The reason we're becoming more extreme

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2 years 2 months ago - 2 years 2 months ago #366016 by Kwitshadie
The best way is to vote in local elections and vote for or against the incumbent based on their performance and not by Political Party alone. ^_^
I’m not sure what else we can do to bring both my Conservative and Leftist friends together.
As far as greed goes, we 21st century teens have grown up not sure how to grow food or learn woodshop.
I suppose the apartments could allow for folks to grow a mini garden and share.
Either way we are in for an interesting time in history and we’ll pull through the chaos; we always do every 80 years. :)

Fear leads to anger, anger leads to hate, hate leads to suffering ~ Yoda
Last edit: 2 years 2 months ago by Kwitshadie.
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2 years 2 months ago #366126 by ZealotX

Malicious wrote: It's just a byproduct of us eroding our own past morality and letting corruption happen . Just look at the mouse utopian experiment if you have paradise it doesn't last long . We will continue to destroy ourselves and let more depraved acts go unpunished . You here about bad things happening more and more everyday . As a civilization we have some pretty bad habits and can't shake them . We just ignore it and think it will go away eventually but it never does . To fix these problems we would have to rewire how we think , we would have to go against our own nature and cut out greed entirely . Not only that but develop away to take away hostile emotions as well , only then could we have some form of stability . Or we could put super glue on the wound by cracking down harder on criminals , reforming our civil morality ( something along the lines of 1920's mannerisms ) and prescribing more anti-crazy pills .


Not to start anything, but when did we have this utopia of morality that you're referring to? Like... historically. When was it?

You probably don't know this, but I love you. I really do. I've grown to love everyone on this forum so trust me when I say my intentions are pure and whatever I say is only in love.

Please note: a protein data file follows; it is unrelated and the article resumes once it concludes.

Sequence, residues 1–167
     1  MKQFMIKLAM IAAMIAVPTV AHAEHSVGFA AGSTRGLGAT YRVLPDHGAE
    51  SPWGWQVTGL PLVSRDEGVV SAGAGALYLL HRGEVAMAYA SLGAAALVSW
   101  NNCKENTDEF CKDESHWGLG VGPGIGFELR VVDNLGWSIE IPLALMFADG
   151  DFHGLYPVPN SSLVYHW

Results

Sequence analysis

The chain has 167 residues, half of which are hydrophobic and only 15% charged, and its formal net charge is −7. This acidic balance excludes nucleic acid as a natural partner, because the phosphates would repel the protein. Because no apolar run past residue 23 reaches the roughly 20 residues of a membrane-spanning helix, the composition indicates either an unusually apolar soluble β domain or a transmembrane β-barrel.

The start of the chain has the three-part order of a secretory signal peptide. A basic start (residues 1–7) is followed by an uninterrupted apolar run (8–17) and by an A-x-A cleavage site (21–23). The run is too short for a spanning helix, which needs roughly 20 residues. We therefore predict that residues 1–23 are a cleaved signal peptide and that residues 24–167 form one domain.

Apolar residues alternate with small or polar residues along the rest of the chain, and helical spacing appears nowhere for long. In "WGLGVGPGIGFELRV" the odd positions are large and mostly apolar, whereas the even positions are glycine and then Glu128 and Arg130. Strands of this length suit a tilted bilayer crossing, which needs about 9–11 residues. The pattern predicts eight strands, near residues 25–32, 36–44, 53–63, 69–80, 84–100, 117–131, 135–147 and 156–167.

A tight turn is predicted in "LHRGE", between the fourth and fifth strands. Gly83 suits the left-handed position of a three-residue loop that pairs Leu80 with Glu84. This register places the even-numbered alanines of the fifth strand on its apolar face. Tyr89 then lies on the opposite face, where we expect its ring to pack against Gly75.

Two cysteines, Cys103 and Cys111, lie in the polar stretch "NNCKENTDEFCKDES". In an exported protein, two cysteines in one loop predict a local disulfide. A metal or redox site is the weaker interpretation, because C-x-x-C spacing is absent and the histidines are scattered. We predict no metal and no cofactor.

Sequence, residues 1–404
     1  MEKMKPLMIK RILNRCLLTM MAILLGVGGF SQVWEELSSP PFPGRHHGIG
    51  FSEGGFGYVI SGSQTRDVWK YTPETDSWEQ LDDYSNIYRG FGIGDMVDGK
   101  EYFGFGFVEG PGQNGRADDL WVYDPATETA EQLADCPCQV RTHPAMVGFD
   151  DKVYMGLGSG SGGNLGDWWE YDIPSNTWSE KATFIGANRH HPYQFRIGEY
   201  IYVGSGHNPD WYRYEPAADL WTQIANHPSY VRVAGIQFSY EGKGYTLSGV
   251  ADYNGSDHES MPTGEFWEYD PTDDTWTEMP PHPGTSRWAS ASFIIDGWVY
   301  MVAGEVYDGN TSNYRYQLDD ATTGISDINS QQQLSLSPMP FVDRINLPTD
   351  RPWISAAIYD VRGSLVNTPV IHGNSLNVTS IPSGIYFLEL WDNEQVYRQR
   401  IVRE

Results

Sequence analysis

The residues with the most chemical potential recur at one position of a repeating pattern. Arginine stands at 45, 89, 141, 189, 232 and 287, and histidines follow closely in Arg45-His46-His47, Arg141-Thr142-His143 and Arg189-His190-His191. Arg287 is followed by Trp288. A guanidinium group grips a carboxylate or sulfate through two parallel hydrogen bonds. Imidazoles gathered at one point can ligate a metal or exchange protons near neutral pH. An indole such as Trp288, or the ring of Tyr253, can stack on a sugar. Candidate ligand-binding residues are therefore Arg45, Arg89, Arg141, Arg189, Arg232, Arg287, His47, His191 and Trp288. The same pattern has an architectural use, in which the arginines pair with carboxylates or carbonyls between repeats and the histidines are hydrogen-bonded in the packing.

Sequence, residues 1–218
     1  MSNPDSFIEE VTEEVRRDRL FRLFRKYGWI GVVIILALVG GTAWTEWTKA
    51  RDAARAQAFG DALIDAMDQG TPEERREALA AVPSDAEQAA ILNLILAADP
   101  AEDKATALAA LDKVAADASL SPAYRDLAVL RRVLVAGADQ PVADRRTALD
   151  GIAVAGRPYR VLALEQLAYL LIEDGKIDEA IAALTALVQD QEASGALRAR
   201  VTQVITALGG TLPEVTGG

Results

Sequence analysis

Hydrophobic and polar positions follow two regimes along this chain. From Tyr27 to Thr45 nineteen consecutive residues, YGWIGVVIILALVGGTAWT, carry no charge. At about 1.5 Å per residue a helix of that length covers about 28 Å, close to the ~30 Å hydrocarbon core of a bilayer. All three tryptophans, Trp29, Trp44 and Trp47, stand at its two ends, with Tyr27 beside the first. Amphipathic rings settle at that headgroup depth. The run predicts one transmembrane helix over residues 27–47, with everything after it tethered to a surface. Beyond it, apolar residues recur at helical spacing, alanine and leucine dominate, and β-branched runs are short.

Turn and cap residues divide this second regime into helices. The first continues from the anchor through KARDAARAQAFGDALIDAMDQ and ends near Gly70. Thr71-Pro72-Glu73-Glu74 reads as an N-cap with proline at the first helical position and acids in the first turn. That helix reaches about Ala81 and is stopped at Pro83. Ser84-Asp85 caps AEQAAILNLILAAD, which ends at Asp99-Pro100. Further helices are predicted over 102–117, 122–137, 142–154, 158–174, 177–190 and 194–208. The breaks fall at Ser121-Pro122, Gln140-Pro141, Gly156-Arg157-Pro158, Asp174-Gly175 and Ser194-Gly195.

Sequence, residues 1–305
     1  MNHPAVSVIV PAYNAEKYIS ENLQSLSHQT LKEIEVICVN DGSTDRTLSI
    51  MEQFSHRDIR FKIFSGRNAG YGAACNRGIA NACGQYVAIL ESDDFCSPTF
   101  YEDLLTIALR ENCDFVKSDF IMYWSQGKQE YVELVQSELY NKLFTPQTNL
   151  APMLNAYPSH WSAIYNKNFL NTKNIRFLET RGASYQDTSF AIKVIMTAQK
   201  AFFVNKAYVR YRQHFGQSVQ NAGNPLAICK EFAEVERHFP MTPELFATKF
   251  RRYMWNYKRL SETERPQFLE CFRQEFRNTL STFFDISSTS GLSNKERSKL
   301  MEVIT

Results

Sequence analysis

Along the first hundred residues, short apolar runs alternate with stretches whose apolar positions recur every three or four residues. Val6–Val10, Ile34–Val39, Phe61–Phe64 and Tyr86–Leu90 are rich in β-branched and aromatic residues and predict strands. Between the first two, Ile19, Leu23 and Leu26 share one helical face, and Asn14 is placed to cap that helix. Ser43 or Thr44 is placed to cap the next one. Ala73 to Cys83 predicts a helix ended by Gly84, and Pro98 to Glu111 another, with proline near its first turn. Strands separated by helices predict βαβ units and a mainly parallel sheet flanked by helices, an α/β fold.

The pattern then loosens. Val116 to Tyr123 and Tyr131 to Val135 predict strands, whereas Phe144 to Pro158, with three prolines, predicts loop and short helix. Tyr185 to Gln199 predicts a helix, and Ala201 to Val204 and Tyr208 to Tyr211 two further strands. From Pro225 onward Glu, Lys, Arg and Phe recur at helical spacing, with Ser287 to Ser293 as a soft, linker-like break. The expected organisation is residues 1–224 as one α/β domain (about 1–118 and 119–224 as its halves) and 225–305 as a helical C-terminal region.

But with that said...

As a student of history (B- student perhaps), what I see and desire to see is progress. Sometimes that progress is bloody because we're fighting people trying to hold on to the past. During the civil war the thought of ending slavery wasn't universally popular. That is a testament to the moral compass of a generation! If I lived back then what side would I be on? It's hard to say because hindsight is 20/20 and what I think and believe NOW is a product of understanding that history and the environment it has created. We're still suffering effects of that division. People are still making heroes out of those who fought for the South because the South didn't want to give up its slaves. Slaves.

Slaves.

It's funny how much of the Star Wars universe fails to be "universal". Most of the stories behave as if the center of the whole universe is actually Tatooine. He who hath and ear will understand what I'm saying.

Tatooine is easy for us to imagine because it's easy to imagine human nature in this environment. Due to the lack of presence of the Republic the people were free to make other people less than free. And the spice flowed even if you almost never see anyone on Tatooine high. Think about it.

That product is going somewhere else, to those who can afford it. Tatooine represents people who struggle to survive in spite of the scarcity and harsh conditions.

But it's like someone on Tatooine saying "remember when it wasn't a desert?"

What? It wasn't even the same people. That was the Kumumgah. The only people who can really say "remember when" are the Sand people and no one is asking them. No one ever really asks the natives how they feel.

So for everyone else... it's like it just begs the question...

When, what period in history, are you pointing at as a sort of beacon of goodness that we have since lost? Because often... too often... this kind of question also begs (often typically from the same group of people asking the question) whose fault is it that things are now different? Who (what group) do we blame for this? And this allows people, typically those asking the question, to be entrenched in a certain political movement that tends to find those groups to blame (different from the group doing said blaming).

So because the question, in my most humble opinion, seems to be in search of a certain answer I have to question the question. Do you see? Again... it's all love.
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2 years 2 months ago #366127 by Zero
I agree with zealot here…..things arnt any worse now than they ever have been….it’s just that now, we’re all online and connected and having every piece of news at our finger tips, up front an in our face all day long. Sure we’re all more aware of the atrocities, but they arnt anything new. Just because your now aware of something dosnt mean it has just started it’s existence.